For thirty minutes each day we have reader's workshop. During this time I teach comprehension strategies that students will use to become better readers. I spend about 10 minutes modeling/teaching a specific strategy and then students practice that strategy for the remaining 20 minutes. Research shows that good readers use the following seven comprehension strategies while reading: monitoring comprehension, using schema (making connections), creating mental images, asking questions, making inferences, determining important information, and synthesizing information. I use various picture books to teach these skills. Reader's workshop is mostly taught to the whole class, with minimal small group instruction.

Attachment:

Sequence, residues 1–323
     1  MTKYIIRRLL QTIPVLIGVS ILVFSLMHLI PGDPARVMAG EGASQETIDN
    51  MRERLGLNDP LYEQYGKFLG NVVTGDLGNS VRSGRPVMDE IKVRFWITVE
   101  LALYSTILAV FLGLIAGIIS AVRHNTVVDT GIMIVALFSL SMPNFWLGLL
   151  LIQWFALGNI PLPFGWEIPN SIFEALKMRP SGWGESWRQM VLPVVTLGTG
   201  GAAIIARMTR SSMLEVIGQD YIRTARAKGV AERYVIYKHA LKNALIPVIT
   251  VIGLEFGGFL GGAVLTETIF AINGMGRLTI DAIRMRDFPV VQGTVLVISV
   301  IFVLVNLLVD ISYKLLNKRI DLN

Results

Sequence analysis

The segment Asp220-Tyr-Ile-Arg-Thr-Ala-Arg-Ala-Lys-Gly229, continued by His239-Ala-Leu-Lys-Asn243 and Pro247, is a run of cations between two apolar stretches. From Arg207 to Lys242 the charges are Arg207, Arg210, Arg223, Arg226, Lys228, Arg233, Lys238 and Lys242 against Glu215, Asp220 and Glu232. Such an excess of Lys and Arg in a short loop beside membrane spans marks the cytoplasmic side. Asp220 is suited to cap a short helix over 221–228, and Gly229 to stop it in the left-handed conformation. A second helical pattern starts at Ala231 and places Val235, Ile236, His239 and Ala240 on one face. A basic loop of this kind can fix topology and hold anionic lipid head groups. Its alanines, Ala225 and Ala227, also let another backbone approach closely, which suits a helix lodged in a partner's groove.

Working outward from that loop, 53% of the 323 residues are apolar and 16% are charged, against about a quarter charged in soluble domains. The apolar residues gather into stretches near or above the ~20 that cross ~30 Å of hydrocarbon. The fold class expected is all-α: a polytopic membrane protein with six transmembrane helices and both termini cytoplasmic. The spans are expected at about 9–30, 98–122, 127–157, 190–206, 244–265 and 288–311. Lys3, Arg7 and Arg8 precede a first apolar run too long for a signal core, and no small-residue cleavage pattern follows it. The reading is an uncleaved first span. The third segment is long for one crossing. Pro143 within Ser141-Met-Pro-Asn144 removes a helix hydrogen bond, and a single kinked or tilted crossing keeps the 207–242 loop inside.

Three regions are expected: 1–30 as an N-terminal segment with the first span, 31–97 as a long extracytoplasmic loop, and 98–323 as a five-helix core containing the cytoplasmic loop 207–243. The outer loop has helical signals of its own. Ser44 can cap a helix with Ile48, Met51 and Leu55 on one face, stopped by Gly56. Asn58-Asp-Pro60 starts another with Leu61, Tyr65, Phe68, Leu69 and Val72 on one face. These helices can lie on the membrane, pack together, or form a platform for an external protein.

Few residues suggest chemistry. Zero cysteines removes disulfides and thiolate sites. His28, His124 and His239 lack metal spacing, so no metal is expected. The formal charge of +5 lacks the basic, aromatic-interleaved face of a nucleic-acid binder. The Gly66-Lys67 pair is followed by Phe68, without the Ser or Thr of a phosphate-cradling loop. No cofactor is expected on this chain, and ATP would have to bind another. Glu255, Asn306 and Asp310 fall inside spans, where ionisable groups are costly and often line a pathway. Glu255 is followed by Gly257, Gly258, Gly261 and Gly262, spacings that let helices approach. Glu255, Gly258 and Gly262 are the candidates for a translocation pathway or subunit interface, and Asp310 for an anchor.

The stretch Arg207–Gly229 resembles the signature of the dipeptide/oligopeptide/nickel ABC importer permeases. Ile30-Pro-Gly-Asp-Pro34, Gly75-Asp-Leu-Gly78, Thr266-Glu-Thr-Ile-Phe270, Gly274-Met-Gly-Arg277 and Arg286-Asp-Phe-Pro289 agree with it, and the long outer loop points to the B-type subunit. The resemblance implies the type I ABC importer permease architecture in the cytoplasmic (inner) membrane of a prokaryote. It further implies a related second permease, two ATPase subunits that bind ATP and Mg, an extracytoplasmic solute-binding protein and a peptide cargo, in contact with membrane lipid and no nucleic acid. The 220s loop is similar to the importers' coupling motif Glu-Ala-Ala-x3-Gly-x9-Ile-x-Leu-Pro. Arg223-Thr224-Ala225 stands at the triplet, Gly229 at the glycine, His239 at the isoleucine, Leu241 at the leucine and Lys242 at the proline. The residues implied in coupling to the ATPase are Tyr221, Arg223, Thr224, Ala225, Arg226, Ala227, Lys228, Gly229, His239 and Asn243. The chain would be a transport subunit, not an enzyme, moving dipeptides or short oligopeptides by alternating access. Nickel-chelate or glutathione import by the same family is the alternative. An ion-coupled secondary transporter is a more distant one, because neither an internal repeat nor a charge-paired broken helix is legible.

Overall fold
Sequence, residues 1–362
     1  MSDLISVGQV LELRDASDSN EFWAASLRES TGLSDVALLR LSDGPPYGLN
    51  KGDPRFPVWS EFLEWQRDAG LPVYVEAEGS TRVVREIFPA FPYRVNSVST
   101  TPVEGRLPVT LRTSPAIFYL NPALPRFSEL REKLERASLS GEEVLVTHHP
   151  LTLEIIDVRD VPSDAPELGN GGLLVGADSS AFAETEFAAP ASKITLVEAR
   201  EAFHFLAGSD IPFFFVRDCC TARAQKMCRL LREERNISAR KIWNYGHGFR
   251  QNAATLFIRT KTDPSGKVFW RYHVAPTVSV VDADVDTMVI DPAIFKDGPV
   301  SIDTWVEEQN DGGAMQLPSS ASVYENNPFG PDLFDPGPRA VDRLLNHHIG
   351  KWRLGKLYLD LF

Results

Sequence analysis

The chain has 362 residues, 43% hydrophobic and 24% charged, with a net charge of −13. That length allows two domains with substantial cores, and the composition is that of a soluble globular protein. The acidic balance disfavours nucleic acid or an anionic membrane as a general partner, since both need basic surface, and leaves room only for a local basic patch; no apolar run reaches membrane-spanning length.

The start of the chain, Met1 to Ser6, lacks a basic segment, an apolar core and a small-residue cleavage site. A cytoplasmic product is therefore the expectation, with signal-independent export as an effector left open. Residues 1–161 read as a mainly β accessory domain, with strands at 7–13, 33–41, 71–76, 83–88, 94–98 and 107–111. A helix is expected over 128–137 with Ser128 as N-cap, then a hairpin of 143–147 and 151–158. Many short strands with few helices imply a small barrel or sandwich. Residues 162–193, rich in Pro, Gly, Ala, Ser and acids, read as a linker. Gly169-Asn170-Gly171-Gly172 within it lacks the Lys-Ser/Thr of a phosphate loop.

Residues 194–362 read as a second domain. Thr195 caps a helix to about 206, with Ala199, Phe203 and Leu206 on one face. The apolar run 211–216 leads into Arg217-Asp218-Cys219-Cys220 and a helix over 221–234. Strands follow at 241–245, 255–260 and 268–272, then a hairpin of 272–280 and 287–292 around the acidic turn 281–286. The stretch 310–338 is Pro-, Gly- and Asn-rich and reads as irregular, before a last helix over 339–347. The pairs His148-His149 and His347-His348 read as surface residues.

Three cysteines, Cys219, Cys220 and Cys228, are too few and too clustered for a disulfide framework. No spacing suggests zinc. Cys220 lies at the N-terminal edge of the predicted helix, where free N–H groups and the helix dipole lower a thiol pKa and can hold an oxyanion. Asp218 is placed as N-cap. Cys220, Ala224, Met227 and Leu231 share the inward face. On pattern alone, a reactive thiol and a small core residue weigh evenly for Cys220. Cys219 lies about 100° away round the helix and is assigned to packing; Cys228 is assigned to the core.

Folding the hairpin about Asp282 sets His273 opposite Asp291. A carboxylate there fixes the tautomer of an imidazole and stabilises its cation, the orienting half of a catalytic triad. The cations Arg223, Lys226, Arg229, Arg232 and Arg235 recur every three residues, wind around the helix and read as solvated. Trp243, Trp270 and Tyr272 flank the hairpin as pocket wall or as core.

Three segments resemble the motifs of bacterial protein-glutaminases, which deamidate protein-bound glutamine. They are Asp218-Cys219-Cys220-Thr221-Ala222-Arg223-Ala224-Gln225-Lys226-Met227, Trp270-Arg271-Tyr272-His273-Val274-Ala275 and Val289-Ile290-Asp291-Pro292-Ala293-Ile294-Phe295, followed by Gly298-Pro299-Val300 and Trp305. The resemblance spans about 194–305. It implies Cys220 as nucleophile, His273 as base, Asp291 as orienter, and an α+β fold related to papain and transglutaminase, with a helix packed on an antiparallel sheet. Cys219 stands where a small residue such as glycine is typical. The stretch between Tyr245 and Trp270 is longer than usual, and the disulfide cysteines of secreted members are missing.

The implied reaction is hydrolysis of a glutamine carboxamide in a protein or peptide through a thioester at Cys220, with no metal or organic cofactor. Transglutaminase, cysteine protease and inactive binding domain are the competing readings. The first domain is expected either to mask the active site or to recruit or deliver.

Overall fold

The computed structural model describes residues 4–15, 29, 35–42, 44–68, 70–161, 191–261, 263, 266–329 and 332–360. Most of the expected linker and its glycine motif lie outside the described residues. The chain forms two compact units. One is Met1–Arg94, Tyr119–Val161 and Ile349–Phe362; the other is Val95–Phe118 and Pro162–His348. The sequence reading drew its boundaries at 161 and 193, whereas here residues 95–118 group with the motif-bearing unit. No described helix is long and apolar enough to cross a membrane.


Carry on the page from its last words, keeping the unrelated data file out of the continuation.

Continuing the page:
Currently we are working on synthesizing information and determining what's important. We are learning that most fictional books have a theme, or something the author is trying to tell/teach us. We are also learning that there are many parts to non-fiction books, such as captions, table of contents, and indexes. Some books we will be reading to reinforce these skills are: Mirette on a High Wire, Frog and Toad, A Bad Case of the Stripes, Chester's Way, Luka's Quilt, Colonial Life, Where We Get Energy, and many more. Ask your child about synthesizing!